Wednesday, July 3, 2013

Link for Howard County info is not working, so here is full text of notice from Susan Gray about this issue

Dear member of the Howard County Farm Community and/or Concerned Resident:

As you may be aware, the Howard County Council is in the process of adopting new zoning regulations for the County.  At this time, it anticipates finalizing the regulations on July 25, 2013.  Included among the changes being considered are ones which would very significantly affect the farm community, particularly those raising livestock (including horses) on small to medium size farms.  From what can be discerned to date, these proposed regulations, if passed, will make it much more difficult for equine, as well as other specialty farming interests (i.e., sheep, goat and alpaca), to thrive.  These interests are now the backbone of agriculture in the County and contribute vast sums to the County’s tax base and its economy.
 Where We Are Now:
Currently, “farming” is defined broadly in the Zoning Regulations to include “[t]he breeding, raising, training, boarding and general care of livestock for uses other than for food, such as sport or show purposes, as pets, or for recreation…” (Section 103.0 (77), page 1 attached).  As long as you are engaged in these or other activities also defined to be “farming,” you do not have to comply with any setback or other similar County restrictions, except that you can’t put your manure pile or a structure sheltering animals within 200 feet of your neighbors’ house. (Section 128.A.4,  lines 16-25 on page 11 attached). There also is currently no limit on how may horses or other livestock you may have per acre.  Thus, overall there is a tremendous amount of leeway with few regulations on how property is used for farming purposes.  And since “farming” is considered a use as a “Matter of Right”  in almost all areas of the County, except in Columbia and on  other non-residentially zoned land, neither the County nor your neighbors can shut down your “farming” activities (including livestock keeping) because they don’t like the way you farm, where you put your ag buildings, or the fact that you may drive you tractor on a local road or operate noisy farm equipment at a time not liked by your suburban neighbors.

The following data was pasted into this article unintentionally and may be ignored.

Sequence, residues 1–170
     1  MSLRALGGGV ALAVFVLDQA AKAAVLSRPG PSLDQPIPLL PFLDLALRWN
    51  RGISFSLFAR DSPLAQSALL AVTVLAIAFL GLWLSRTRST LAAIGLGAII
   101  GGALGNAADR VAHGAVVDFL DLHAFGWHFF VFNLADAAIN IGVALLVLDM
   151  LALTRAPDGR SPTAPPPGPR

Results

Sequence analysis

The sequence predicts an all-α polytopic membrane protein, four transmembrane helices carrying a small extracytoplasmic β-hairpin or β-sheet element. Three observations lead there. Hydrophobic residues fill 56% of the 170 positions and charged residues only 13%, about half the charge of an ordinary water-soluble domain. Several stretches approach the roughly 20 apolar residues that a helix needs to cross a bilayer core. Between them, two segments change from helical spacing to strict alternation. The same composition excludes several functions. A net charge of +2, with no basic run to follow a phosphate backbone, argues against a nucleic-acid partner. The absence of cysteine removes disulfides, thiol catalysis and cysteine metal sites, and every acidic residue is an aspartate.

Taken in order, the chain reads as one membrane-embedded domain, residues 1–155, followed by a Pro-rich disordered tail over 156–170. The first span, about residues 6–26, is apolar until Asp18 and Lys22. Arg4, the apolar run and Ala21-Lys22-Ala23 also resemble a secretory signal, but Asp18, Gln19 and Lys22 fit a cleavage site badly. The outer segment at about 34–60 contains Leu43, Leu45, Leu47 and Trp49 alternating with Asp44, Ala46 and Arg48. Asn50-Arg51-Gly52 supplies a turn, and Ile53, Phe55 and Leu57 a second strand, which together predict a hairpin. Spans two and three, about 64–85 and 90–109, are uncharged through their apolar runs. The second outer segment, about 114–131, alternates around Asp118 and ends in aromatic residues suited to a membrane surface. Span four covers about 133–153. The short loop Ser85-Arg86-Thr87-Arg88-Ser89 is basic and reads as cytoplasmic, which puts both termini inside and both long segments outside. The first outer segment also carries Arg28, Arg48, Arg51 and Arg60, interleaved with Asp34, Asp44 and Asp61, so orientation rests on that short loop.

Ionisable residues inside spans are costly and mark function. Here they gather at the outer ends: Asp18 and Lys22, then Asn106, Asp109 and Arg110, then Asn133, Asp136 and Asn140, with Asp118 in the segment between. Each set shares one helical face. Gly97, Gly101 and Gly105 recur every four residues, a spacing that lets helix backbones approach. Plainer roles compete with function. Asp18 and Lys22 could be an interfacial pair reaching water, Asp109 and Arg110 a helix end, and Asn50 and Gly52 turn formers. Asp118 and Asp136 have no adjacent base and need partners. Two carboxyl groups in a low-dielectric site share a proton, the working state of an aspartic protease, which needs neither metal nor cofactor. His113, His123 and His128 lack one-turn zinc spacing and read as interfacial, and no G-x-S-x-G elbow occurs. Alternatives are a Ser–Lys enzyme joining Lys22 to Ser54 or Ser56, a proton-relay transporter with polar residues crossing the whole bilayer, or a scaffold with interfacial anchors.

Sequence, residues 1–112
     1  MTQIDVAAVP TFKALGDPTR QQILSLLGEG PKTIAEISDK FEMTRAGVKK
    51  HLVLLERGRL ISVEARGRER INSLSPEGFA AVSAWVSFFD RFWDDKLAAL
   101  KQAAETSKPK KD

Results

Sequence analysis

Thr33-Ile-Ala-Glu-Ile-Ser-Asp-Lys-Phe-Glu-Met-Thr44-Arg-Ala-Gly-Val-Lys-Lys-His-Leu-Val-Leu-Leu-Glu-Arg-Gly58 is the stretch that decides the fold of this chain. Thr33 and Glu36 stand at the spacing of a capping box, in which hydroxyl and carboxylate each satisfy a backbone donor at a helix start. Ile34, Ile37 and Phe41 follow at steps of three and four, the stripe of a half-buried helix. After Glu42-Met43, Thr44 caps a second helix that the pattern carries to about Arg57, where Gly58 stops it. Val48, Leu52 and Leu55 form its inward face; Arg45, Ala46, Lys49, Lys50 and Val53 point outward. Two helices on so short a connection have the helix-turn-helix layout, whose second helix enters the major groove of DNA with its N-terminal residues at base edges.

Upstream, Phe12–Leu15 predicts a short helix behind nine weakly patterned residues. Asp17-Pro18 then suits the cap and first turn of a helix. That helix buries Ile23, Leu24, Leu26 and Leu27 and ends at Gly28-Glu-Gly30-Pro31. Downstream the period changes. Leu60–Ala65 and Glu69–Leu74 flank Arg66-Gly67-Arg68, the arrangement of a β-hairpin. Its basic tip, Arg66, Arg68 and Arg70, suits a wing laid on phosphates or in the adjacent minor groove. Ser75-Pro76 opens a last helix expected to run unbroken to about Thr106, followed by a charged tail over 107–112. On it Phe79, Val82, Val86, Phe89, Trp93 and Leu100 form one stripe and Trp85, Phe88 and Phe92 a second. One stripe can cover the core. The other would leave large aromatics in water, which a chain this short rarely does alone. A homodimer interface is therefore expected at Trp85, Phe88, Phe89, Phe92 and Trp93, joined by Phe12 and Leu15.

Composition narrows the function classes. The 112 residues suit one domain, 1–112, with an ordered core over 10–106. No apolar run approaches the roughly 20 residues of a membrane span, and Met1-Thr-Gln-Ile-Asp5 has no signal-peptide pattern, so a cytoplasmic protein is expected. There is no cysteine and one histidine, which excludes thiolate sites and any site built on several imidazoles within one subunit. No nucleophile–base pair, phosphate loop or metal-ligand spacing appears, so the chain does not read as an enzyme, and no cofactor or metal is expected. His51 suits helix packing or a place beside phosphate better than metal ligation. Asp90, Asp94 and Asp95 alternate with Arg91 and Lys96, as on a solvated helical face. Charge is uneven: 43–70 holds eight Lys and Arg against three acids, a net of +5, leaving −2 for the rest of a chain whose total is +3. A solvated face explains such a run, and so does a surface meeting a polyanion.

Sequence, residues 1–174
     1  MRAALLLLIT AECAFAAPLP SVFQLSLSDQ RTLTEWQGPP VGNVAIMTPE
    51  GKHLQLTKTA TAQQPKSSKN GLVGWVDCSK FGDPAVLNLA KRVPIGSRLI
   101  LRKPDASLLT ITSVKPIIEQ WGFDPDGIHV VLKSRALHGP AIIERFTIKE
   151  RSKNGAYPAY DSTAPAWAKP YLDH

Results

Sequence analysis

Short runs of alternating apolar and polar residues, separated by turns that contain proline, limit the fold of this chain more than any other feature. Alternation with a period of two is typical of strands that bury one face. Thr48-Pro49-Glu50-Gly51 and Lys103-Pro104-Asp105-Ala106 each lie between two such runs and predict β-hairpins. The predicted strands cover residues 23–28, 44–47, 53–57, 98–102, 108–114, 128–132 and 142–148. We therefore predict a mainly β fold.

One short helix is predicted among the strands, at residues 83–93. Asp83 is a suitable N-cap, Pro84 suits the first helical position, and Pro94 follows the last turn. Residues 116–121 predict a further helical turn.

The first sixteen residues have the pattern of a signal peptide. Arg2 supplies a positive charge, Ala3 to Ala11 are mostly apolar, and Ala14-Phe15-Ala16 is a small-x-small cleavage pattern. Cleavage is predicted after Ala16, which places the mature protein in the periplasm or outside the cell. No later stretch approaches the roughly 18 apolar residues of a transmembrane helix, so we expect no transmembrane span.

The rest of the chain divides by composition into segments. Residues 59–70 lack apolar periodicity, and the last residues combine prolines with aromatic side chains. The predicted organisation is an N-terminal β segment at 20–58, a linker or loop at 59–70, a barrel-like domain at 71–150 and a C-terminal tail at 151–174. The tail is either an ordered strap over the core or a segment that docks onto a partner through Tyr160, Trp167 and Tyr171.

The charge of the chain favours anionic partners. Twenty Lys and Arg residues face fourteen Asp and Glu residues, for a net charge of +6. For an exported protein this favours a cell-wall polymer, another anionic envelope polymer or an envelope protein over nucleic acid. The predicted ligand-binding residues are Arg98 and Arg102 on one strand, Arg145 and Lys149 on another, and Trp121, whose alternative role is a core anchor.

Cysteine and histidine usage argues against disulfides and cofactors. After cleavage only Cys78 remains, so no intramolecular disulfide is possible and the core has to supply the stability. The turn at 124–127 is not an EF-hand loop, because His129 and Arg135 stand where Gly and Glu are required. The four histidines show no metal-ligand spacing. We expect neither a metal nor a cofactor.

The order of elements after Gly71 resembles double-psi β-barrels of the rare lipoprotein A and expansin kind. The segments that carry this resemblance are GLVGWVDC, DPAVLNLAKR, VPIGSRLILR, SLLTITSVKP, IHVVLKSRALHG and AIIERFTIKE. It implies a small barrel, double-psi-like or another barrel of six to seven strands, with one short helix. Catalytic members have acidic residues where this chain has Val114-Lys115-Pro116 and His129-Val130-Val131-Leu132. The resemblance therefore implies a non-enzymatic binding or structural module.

Proposed Changes:
The zoning text amendments now before the County Council would change this regulatory environment very, very significantly.  They would:
1) countywide, limit the definition of a “farm” to only those properties which have an agricultural tax assessment and whose principal use is agriculture.